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return rand();

Back to Basics: Reservoir Sampling

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If you have a dataset that is either too large to fit in memory, or new data is being added to it on an ongoing basis (effetively we don’t know its size), there will be the need to have algorithms, which have a:

  1. Space Complexity that is independent of the size of the dataset, and,
  2. Time Complexity per item of the dataset that is either constant, or otherwise is very small.

Examples of such datasets could be clicks on, friend requests on, etc.

One simple problem that could be posed with such datasets is:

Pick a random element from the given dataset, ensuring that the likelihood of picking any element is the same.

Of course, it is trivial to solve if we know the size of your dataset. We can simply pick a random number in $(0, n-1)$ ($n$ being the size of your dataset). And index to that element in your dataset. That is of course not possible with a stream, where we don’t know $n$.

Reservoir Sampling does this pretty elegantly for a stream $S$:

sample, len := null, 0
while !(S.Done()):
  x := S.Next()
  len = len + 1
  if (Rand(len) == 0):
    sample = x
return sample

The idea is simple. Every new element you encounter, replace your current choice with this new element with a probability of $\large\frac{1}{l}$. Where $l$ is the total length of the stream (including this element), encountered so far. When the stream ends, you return the element that you had picked at the end.

However, we need to make sure that the probability of each element being picked is the same. Let’s do a rough sketch:

  1. When the length of the stream is $1$, the probability of the first element being picked is $1.0$ (trivial to check this).
  2. Assuming that if this idea works for a stream of size $l$, we can prove that it works for a stream of size $l+1$.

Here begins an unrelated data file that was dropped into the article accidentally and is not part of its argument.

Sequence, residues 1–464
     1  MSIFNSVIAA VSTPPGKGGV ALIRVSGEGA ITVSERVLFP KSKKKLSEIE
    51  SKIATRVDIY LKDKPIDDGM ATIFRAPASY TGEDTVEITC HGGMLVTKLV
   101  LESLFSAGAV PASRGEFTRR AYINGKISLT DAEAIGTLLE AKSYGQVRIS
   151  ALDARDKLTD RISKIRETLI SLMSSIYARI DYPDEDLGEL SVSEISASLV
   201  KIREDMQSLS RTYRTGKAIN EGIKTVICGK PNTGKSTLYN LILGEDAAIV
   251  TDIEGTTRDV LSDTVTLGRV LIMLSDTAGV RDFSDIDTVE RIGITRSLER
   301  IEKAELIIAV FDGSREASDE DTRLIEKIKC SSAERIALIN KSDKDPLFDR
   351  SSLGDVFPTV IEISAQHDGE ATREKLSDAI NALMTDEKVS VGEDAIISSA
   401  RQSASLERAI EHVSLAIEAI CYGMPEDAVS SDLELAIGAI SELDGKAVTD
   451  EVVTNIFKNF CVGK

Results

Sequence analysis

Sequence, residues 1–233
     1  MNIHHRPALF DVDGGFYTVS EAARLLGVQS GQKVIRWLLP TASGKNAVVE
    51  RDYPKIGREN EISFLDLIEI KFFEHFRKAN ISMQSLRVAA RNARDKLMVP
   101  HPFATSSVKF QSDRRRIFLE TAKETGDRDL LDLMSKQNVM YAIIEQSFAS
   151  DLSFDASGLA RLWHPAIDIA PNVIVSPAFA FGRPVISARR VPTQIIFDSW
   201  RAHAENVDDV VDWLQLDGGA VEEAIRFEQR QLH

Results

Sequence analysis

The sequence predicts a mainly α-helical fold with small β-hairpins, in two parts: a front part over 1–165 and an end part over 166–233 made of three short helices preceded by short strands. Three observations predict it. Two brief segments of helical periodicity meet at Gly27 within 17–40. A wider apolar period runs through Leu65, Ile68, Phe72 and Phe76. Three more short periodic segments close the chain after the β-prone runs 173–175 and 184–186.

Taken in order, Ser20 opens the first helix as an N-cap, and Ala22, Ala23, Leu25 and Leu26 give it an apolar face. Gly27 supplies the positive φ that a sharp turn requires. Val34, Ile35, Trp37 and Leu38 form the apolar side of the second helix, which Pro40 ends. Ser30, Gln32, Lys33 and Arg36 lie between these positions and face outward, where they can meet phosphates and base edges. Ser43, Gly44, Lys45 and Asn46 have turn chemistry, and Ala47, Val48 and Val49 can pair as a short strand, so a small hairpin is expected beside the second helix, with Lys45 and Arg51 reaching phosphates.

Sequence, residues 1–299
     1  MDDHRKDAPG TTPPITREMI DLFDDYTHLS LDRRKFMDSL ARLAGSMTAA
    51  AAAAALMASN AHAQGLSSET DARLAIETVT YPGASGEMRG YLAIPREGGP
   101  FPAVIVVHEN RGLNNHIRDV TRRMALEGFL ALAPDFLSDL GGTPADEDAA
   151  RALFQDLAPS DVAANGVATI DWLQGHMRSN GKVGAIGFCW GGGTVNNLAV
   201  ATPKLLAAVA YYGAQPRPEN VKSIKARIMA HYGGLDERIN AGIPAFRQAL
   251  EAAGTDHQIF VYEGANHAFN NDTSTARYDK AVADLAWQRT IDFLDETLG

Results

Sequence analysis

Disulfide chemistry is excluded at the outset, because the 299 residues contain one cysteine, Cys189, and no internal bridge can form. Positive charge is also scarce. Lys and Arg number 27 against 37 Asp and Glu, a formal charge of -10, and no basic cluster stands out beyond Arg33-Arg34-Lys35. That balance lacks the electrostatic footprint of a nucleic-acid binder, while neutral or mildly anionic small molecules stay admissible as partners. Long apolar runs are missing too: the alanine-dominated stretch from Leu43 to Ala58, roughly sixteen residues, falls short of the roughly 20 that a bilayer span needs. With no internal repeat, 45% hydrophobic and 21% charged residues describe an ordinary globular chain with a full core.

• Since it holds for a stream of size $l$, all elements before the $l+1$-th element have the same likelihood, i.e., $\large\frac{1}{l}$.
    • The new element will replace the selected element with a probability of $\large\frac{1}{l+1}$, but the existing element will remain with a probability of $\large\frac{l}{l+1}$.
    • Hence the probability of each of the elements seen so far being selected will be, $\large\frac{1}{l} . \large\frac{l}{l+1} = \large\frac{1}{l+1}$.
    • The probability of the new element being selected, as we stated earlier is $\large\frac{1}{l+1}$.
    • Hence, the probability will be the same for all the elements, assuming it holds for a stream of size $l$.
  3. Given that the property holds for $n = 1$, and (2) is true, we can prove by induction that this property holds for all $n \gt 1$.

There could be a weighted variant of this problem. Where, each element has an associated weight with it. At the end, the probability of an item $i$ being selected should be $\large\frac{w_i}{W}$. Where, $w_i$ is the weight of the $i$-th element, and $W$ is the sum of the weights of all the elements.

It is straight-forward to extend our algorithm to respect the weights of the elements:

  1. Instead of len, keep W.
  2. Increment W by $w_i$ instead of just incrementing it by 1.
  3. The new element replaces the existing element with a probability of $\large\frac{w_i}{W}$.

In a manner similar to the proof above, we can show that this algorithm will also respect the condition that we imposed on it. Infact the previous algorithm is a special case of this one, with all $w_i = 1$.


[1] Jeff Erickson’s notes on streaming algorithms for the general idea about streaming algorithms.